To understand Turnover we need to understand a little about the water and temperature ranges.
Armed with this invaluable information finding winter feeding fish becomes a precise matter rather than trial and error.
Being cold bloodedcreatures by nature in water that is particularly cold lethargy takes over fish stocks which in turn induces sluggishness and slow reactions.
Too hot and fish simply seek the comfort of more compatible depths with temperatures that are more suitable to their natural body requirements.
Within this band of temperate water fish will happily feed.
Different species are often found at varying depths in the 'Comfort Zone'.
Lochs,lakes and tarns have a layer of warm water over a layer of cold water sandwiched in between these layers is a narrow band of water known as thethermocline – this is the feeding zone.


In the coldest winter winds severe temperature drops occur within the upper layer,when those temperatures drop to 4 degrees centigrade and below the thermocline breaks down.
The upper warmer layer now at it's densest and cooling fast simply 'sinks' to thebottom of the loch displacing the cold water column.Which now risesto the surface.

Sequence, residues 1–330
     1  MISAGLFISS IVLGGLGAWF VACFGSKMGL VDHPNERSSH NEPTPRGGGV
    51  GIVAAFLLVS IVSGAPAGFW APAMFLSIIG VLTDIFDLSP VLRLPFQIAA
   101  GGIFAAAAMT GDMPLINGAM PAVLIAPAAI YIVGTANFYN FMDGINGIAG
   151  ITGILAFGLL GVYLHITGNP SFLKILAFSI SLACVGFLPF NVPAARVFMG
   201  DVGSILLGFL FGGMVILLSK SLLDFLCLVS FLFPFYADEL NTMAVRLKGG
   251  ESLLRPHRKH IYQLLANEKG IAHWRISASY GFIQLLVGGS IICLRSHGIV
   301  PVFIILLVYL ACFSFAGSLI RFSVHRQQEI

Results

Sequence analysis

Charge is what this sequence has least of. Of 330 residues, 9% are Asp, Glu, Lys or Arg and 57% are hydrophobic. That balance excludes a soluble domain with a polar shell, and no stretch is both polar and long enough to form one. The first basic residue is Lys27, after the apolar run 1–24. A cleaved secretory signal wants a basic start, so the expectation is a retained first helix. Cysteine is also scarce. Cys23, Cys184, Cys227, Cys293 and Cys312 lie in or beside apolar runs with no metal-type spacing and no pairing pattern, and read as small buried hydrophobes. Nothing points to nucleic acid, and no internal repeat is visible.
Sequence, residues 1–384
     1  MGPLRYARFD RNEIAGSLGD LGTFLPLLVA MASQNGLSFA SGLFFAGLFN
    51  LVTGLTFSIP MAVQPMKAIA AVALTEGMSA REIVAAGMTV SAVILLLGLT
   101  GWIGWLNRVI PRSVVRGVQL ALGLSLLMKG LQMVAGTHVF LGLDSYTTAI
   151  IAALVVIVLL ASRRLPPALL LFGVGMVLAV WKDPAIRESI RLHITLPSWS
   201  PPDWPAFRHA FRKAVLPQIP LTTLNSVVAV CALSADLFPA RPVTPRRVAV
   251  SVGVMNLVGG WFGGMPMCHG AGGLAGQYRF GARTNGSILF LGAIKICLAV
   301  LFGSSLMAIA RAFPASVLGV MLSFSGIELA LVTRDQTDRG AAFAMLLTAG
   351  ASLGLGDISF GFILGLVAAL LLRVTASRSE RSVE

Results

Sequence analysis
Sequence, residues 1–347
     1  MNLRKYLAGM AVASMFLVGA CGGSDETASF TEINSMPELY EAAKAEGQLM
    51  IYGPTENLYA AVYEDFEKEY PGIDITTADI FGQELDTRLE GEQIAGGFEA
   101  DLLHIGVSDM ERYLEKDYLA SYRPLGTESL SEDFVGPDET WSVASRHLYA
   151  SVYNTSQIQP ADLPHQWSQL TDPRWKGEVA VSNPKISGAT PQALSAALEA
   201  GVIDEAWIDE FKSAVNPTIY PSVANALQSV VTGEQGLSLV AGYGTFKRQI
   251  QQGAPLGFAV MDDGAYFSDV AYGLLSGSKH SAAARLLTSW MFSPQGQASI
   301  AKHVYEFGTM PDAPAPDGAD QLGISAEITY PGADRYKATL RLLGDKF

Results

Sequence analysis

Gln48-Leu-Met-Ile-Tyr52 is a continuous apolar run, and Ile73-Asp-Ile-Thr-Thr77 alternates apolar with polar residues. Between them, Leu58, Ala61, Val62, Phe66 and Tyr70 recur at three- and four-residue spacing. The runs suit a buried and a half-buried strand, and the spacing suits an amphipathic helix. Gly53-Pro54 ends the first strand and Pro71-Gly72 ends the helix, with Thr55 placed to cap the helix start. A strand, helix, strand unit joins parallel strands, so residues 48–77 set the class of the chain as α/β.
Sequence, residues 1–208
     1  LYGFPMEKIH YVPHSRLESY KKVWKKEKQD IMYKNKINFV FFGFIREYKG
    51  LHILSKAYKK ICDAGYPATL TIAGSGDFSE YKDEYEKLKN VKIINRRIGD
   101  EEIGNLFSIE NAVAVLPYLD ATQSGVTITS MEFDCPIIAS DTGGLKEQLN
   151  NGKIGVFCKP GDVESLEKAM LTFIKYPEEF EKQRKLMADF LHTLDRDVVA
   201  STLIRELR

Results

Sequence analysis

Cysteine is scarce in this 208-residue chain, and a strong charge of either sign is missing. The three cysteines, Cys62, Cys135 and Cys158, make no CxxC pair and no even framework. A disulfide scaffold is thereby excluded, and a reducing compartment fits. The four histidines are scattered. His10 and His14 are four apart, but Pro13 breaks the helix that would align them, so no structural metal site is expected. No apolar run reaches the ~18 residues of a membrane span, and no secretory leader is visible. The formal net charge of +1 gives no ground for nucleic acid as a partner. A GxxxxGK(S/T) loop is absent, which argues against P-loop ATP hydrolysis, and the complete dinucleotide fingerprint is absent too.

This action which occurs at least once a year presents otherwise 'stale water' to the natural elements to be well oxygenated and inhabited by the resident wildlife and fish populations.
Thus Mother Nature's way of natural regeneration of the water comes into play.
Shallow lochs only reaching depths of about 15 feet do not develop a thermocline but are often heavily weeded blocking out the sun's rays,natures alternative.
Detritus and other rotting vegetable matter dead leaves and weed tend to gather in the bottom ten feet of the loch.Eating away at oxygen levels as the decay gets under way.
Particles of detritus can sometimes been seen in the water accompanied with an aroma of rotten eggs.
A sure sign that the loch has ' Turned Over ' it can be fatal to fish stocks suffering from deprived oxygen.
This is the exception rather than the norm and not to be confused with the same
' symptoms ' during the heat of the summer.


During the period ofchange as the thermocline dissipates and warm and cold waters displace each other pike will access the deeper water which is for the time being well oxygenated and carrying prey fish too.
Under normal circumstances this level would be avoided due to oxygen depravation.
For most fish this is a temporary measure,oxygen levels soon build back up,a thermocline is re-established and as late January early February approaches pike are already migrating into the shallow margins pre-spawning.

In effect if during mid to late winter fishing in the shallows does not produce the goods and little if any activity is evident,cast that little bit further into deeper water that most anglers would avoid.
There is a very good chance that feeding fish may found here.